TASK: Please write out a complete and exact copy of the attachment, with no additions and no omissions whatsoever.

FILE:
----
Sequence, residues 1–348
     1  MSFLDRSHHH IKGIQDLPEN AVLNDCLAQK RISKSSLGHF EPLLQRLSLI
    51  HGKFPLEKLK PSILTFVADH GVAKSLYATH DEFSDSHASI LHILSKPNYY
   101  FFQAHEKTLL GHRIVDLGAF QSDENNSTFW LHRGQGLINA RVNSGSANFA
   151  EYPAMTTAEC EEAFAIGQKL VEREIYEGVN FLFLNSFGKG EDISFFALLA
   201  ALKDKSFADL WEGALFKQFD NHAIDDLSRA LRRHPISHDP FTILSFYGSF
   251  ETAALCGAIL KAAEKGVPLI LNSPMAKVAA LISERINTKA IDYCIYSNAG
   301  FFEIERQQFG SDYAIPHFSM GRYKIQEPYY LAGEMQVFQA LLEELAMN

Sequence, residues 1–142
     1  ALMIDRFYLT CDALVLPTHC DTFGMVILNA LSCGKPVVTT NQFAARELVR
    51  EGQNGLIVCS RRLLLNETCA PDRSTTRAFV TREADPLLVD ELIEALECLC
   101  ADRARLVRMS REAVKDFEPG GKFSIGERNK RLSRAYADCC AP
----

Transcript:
Sequence, residues 1–348
     1  MSFLDRSHHH IKGIQDLPEN AVLNDCLAQK RISKSSLGHF EPLLQRLSLI
    51  HGKFPLEKLK PSILTFVADH GVAKSLYATH DEFSDSHASI LHILSKPNYY
   101  FFQAHEKTLL GHRIVDLGAF QSDENNSTFW LHRGQGLINA RVNSGSANFA
   151  EYPAMTTAEC EEAFAIGQKL VEREIYEGVN FLFLNSFGKG EDISFFALLA
   201  ALKDKSFADL WEGALFKQFD NHAIDDLSRA LRRHPISHDP FTILSFYGSF
   251  ETAALCGAIL KAAEKGVPLI LNSPMAKVAA LISERINTKA IDYCIYSNAG
   301  FFEIERQQFG SDYAIPHFSM GRYKIQEPYY LAGEMQVFQA LLEELAMN

Sequence, residues 1–142
     1  ALMIDRFYLT CDALVLPTHC DTFGMVILNA LSCGKPVVTT NQFAARELVR
    51  EGQNGLIVCS RRLLLNETCA PDRSTTRAFV TREADPLLVD ELIEALECLC
   101  ADRARLVRMS REAVKDFEPG GKFSIGERNK RLSRAYADCC AP